City Weekend

Hong Kong design duo stand out from the crowd by making their art look easy and accessible

Uniquely playful 3D paper sculptures spark joy and keep people wanting more

PUBLISHED : Saturday, 18 November, 2017, 2:16pm
UPDATED : Saturday, 18 November, 2017, 2:32pm

Hong Kong art and design duo Stickyline have made a name for themselves in the city’s competitive arts scene through their inventive, playful 3D paper sculptures that have been exhibited in diverse settings, from high-end fashion boutiques to contemporary dance performances and even local gigs.

Polytechnic University design school graduates Mic Leong, 31, and Soilworm Lai, 34, burst onto the scene in 2011 with their project “Masked Creatures” – a series of wearable paper headgear shaped like iconic Hong Kong buildings that unexpectedly went viral on social media.

Since then, the former classmates have been flooded with requests to create more of their striking, inventive artworks for display in public spaces and galleries.

“So many different friends came to us for collaborations, starting from window displays. It slowly grew and grew out of that,” Lai recalls. “People just kept coming and asking for more.”

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The endless stream of new commissions has seen Stickyline grow from a fun side project into a full-fledged art and design success story, taking up more and more time from Lai and Leong’s day jobs as designers of packaging and toys, respectively.

Their decision to use only paper as a medium turned out to be hugely advantageous, as it allowed them to be more flexible in terms of production time and equipment.

“Before, as product designers we found that projects took a long time to develop,” Leong explains. “But when we tried using paper, we could make something in a week or within a few days of coming up with our original idea.”

The versatility of paper as a medium has many other benefits, too, Lai says.

We don’t want people to think our art is inaccessible. We want them to think that art is easy
Soilworm Lai, Stickyline

“We don’t want people to think our art is inaccessible. We want them to think that art is easy, that everyone can be an artist too.” The pair sometimes hold workshops to teach paper art skills to others. Lai describes paper as very user-friendly. “You just need scissors, glue and tape,” he adds.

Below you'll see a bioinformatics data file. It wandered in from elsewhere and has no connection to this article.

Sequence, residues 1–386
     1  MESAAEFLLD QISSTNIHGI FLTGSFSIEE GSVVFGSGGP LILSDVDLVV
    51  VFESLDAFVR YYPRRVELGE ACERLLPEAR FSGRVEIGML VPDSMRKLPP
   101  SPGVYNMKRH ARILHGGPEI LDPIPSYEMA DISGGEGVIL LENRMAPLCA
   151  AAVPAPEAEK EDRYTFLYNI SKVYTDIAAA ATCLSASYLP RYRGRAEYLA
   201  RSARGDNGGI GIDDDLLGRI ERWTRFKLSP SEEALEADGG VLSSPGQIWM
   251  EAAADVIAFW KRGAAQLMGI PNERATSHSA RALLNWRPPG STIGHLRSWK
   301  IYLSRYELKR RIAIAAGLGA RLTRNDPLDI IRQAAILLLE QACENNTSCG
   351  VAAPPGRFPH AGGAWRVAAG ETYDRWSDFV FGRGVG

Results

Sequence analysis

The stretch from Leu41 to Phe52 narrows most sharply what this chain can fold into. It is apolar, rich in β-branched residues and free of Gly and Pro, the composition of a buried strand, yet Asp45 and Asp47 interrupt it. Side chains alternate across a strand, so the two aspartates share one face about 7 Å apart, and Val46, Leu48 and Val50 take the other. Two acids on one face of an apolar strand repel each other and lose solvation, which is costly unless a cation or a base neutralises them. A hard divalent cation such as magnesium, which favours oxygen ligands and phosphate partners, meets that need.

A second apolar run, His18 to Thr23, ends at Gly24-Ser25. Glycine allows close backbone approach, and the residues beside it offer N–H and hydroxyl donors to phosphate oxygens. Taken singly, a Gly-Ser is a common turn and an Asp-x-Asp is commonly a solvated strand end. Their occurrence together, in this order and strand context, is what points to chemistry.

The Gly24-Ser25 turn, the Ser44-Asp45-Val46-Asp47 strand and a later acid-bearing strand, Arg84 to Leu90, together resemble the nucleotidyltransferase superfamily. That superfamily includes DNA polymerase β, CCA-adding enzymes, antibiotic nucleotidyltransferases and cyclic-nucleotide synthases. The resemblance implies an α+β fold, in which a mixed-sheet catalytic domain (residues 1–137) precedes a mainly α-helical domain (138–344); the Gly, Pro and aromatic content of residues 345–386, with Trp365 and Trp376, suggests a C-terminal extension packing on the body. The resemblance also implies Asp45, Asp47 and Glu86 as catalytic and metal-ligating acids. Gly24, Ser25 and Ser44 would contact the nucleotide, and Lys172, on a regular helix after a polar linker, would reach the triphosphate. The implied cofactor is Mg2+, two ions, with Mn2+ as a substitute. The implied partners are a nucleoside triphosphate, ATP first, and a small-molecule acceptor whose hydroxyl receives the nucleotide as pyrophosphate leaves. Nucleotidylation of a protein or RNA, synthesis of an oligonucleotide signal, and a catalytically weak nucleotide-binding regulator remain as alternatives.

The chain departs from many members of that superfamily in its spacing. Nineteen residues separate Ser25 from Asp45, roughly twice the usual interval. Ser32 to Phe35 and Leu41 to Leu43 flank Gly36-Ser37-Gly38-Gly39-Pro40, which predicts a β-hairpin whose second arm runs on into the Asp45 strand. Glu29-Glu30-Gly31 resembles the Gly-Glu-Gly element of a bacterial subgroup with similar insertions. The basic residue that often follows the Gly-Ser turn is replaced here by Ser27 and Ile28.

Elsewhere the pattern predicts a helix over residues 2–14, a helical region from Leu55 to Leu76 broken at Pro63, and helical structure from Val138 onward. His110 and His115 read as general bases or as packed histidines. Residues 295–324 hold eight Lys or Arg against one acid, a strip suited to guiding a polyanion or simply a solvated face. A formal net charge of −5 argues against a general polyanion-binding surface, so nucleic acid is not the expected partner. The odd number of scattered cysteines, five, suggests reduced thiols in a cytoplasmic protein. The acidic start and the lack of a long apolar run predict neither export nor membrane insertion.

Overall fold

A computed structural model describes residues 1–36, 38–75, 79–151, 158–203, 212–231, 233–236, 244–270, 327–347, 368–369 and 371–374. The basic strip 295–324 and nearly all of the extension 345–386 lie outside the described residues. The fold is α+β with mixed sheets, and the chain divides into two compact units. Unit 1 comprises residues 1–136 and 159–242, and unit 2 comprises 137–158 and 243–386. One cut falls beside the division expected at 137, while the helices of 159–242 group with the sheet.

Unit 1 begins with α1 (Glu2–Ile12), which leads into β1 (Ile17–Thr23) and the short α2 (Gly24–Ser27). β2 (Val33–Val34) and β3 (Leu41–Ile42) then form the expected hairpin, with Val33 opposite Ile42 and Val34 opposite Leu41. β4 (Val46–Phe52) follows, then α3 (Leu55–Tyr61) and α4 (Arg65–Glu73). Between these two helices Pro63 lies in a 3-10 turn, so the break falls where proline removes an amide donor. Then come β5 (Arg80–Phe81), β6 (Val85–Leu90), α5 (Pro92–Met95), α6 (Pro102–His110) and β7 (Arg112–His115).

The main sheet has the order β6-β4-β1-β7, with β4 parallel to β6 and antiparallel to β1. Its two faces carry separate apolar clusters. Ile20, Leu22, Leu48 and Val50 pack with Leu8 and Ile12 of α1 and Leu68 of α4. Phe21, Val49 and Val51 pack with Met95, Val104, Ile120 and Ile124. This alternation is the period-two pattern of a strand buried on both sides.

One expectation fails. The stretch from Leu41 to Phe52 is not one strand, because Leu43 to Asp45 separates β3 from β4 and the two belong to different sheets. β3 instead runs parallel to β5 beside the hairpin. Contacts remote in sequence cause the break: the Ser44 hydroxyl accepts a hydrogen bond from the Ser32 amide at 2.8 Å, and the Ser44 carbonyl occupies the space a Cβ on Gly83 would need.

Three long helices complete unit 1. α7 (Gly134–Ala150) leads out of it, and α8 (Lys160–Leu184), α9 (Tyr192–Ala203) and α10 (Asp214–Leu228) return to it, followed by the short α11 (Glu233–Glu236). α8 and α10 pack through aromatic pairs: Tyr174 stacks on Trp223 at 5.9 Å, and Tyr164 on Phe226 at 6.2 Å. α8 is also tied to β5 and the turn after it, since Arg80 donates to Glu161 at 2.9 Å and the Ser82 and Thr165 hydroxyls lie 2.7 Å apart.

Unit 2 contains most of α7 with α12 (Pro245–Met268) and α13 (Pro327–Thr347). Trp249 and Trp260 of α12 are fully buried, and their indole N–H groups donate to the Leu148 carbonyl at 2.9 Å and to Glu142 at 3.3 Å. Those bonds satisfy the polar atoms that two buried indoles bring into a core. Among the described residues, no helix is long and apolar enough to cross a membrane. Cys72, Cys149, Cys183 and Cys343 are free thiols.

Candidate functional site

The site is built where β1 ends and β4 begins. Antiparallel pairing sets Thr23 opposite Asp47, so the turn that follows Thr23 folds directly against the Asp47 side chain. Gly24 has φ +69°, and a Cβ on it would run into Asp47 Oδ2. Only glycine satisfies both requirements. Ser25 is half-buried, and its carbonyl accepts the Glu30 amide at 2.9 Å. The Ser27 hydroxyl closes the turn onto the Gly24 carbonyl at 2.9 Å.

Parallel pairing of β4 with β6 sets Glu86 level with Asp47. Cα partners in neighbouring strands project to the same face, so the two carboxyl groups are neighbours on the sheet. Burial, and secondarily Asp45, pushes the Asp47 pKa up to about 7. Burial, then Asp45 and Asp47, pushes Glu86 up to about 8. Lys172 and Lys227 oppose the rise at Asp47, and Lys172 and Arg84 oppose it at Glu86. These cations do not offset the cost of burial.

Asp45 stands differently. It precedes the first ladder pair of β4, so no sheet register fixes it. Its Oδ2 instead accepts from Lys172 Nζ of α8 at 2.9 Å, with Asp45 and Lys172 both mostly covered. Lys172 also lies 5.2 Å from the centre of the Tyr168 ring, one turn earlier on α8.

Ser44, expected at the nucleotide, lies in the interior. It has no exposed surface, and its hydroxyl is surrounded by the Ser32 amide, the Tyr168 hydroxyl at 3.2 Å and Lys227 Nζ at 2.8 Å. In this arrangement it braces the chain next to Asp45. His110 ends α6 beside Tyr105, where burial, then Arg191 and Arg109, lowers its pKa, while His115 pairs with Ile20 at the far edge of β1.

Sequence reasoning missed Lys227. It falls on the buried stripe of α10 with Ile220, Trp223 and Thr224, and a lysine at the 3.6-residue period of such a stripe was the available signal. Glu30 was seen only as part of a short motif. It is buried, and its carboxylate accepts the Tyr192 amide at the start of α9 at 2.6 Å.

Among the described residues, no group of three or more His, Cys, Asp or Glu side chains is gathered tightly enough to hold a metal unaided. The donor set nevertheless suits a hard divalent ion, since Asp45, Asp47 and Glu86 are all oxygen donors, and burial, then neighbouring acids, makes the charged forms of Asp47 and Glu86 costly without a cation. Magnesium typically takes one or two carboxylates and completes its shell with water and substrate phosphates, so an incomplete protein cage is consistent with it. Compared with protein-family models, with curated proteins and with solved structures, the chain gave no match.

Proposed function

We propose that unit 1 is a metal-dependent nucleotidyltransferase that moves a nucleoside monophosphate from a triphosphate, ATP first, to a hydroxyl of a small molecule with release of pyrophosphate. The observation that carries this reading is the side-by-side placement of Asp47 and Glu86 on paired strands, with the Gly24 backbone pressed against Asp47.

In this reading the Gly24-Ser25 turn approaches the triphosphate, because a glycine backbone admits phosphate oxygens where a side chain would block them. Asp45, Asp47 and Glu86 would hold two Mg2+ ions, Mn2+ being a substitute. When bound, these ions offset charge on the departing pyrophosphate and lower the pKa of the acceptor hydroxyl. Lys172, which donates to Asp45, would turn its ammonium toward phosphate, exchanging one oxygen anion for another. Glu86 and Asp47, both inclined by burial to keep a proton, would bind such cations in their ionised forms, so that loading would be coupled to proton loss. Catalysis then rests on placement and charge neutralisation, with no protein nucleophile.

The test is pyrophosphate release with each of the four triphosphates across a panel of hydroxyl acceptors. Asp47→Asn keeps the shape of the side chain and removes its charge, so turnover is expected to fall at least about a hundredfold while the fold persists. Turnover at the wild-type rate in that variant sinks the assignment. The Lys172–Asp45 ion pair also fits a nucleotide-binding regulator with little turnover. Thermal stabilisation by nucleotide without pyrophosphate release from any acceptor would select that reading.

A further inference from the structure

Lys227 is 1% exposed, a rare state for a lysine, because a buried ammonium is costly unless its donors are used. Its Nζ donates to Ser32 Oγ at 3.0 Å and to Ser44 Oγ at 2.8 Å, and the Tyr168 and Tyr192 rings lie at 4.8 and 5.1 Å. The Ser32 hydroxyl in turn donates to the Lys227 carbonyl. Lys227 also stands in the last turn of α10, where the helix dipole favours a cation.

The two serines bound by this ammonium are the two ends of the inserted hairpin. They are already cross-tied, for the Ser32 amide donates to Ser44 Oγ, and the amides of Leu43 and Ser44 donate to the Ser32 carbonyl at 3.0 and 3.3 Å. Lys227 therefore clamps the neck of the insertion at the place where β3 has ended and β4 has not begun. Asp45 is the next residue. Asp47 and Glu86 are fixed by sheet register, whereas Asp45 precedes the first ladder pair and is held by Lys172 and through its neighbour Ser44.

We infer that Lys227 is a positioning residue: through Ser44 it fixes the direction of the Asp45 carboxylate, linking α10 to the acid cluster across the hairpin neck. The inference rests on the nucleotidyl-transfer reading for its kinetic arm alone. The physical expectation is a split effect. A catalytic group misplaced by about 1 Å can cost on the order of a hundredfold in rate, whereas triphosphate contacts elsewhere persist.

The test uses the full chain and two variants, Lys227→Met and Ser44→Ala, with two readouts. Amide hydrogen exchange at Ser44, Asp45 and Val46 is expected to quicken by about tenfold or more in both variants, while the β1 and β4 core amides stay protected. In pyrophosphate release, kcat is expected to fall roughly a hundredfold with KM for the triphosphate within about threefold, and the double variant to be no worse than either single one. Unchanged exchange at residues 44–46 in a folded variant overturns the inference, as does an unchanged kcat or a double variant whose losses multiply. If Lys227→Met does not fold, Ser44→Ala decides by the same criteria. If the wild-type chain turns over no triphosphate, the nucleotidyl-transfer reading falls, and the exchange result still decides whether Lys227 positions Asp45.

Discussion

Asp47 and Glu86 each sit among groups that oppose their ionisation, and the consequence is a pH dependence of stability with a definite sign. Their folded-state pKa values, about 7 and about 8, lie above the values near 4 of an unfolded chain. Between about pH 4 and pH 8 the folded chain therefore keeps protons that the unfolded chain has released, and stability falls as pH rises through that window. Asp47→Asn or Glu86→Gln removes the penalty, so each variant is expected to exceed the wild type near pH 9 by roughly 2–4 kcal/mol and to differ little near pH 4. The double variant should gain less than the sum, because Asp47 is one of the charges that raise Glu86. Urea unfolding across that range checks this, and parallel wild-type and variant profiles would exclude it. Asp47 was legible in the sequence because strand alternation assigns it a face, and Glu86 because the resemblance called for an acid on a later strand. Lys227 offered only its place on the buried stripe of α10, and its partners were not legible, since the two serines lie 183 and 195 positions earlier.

This desire to bring their work to more people, to democratise art, is one of the major motivations behind Stickyline’s use of public spaces to showcase their projects.

Lai wants people to stop and take notice of their art as well as “make them happy through the playful aspect” of their work. After attracting people’s attention, he says, “we can start a dialogue”.

Perhaps not surprisingly, their quirky installations can bring moments of joy to a weary public often too absorbed in their mobile screens or hectic work schedule to appreciate the world around them.

For their latest project, the duo crafted a cosmic shower of giant paper meteors. The installation hangs from the atrium of the K11 Art Mall in Tsim Sha Tsui for the shopping centre’s annual Christmas exhibit. Rotating geometric paper sculptures of natural objects that represent the links between space, humanity and nature are also on show.

“Things we find in nature, for example, snowflakes and shells, follow mathematical proportions like the golden ratio,” Lai says. “Our goal is not just to focus on aesthetics, but to involve mechanics and design.”

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One of their large-scale paper sculptures takes on average two days to make, but it was harder to make them rotate correctly. Lai and Leong want viewers to appreciate the beauty and wonder of the universe through their latest work. Planetary frequencies recorded by Nasa accompanies it.

“Around this time of year, lots of people ask us to make Christmas trees out of paper, which we’ve done already,” Lai says. For the space theme, they sought to add new techniques such as sound, lighting and mechanics to take their work “one step further”.

In future, the pair plan to continue having commercial partnerships while retaining their own artistic identity.

“We don’t have a big business plan at the moment,” Lai claims. “We just want to make something interesting that can be shared among lots of people.”

But Leong adds: “Creative freedom is very important to us.”